Executives from major Internet players -- Microsoft Corp., Google Inc. and Facebook Inc. -- are due for a grilling about online privacy in a Senate committee hearing today, but the company likely to get the most scrutiny is a small Silicon Valley start-up called NebuAd Inc.
NebuAd has drawn fierce criticism from privacy advocates in recent weeks for working with Internet service providers to track the online behavior of their customers and then serve up targeted banner ads based on that behavior.
According to Ari Schwartz, vice president of civil liberties group Center for Democracy & Technology, NebuAd’s business model raises many of the same concerns as an earlier generation of “adware” firms. Those companies developed software programs that -- when downloaded to a computer -- could track where a user went on the Internet and mine that information to deliver customized online ads.
Privacy activists say adware companies duped many Web surfers into downloading their software programs by bundling them with free screen savers, online games and other Internet applications. But NebuAd has a new twist: It works directly with Internet service providers to scan their customers’ Web surfing habits and deliver ads presumed to be of interest to them.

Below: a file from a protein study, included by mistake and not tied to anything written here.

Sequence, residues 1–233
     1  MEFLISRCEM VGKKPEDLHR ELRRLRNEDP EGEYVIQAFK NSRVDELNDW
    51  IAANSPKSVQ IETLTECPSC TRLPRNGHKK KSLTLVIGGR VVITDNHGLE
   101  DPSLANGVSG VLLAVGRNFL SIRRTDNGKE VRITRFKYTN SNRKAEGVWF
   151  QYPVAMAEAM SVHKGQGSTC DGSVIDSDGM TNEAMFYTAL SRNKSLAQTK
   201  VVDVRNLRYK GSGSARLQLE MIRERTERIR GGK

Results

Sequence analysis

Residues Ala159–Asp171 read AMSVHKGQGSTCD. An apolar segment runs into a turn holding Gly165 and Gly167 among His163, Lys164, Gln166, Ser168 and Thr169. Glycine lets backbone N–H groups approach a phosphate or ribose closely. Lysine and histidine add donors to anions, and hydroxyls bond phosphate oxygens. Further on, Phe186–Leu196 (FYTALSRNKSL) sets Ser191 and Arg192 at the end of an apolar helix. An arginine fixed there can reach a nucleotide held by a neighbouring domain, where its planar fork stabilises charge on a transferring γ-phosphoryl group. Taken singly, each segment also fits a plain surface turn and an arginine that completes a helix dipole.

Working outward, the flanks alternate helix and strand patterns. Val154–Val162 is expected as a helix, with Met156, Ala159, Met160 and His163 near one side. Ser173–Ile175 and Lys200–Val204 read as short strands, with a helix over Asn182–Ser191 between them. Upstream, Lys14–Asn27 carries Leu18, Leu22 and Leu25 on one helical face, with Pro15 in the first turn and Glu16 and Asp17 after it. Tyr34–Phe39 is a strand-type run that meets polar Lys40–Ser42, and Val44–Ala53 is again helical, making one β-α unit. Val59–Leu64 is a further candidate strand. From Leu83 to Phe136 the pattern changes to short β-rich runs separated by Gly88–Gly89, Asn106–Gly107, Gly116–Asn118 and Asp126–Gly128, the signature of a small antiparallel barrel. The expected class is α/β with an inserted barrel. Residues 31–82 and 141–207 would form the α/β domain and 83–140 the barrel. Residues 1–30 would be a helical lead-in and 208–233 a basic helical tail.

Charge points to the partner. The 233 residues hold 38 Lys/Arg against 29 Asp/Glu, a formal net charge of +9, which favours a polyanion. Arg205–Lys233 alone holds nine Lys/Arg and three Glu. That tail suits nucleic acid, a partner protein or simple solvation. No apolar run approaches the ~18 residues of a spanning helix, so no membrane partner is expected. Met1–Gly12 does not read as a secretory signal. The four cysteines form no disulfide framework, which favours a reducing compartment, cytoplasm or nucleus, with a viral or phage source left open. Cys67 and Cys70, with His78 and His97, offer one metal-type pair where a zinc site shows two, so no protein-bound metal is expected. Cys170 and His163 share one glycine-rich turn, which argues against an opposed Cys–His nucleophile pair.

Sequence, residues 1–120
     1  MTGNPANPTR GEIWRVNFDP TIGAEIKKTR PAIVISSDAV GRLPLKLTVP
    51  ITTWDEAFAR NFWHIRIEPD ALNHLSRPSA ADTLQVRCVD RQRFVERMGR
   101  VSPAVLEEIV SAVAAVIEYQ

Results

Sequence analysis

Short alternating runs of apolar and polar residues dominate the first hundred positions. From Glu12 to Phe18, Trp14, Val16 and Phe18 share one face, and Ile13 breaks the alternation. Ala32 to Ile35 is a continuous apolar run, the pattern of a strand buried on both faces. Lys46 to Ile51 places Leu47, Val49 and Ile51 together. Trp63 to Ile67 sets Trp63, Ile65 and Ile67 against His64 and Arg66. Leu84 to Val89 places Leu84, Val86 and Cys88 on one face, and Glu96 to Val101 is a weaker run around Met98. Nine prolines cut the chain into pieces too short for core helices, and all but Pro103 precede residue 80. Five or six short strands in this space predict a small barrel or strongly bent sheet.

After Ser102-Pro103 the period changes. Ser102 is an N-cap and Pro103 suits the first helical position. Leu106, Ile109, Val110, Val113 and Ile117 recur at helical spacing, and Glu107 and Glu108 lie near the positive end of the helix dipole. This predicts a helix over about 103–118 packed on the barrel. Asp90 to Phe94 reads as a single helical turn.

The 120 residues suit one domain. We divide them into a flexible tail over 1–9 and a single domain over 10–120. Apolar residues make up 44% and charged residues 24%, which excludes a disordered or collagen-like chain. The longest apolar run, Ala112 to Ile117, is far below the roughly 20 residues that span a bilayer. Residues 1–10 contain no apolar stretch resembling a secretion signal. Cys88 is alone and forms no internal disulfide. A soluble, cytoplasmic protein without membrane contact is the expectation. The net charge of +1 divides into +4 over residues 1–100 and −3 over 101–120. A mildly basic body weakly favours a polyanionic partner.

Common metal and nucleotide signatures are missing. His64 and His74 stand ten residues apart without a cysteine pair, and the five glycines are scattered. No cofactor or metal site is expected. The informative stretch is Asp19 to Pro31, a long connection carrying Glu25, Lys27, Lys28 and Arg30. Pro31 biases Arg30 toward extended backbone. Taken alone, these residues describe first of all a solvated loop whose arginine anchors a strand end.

By injecting its monitoring in between consumers and the websites they visit, NebuAd’s technology could violate a 1986 federal wiretapping law that requires at least one party to a communication to consent to a wiretap, according to an analysis released Tuesday by the Center for Democracy & Technology.
For its part, NebuAd has stressed that it does not collect any personally identifiable information about consumers and that it requires Internet service providers to notify their subscribers about its ad system. On Tuesday, however, the Redwood City, Calif., company unveiled a new set of privacy protections, including an online notification system and an opt-out mechanism for computer users.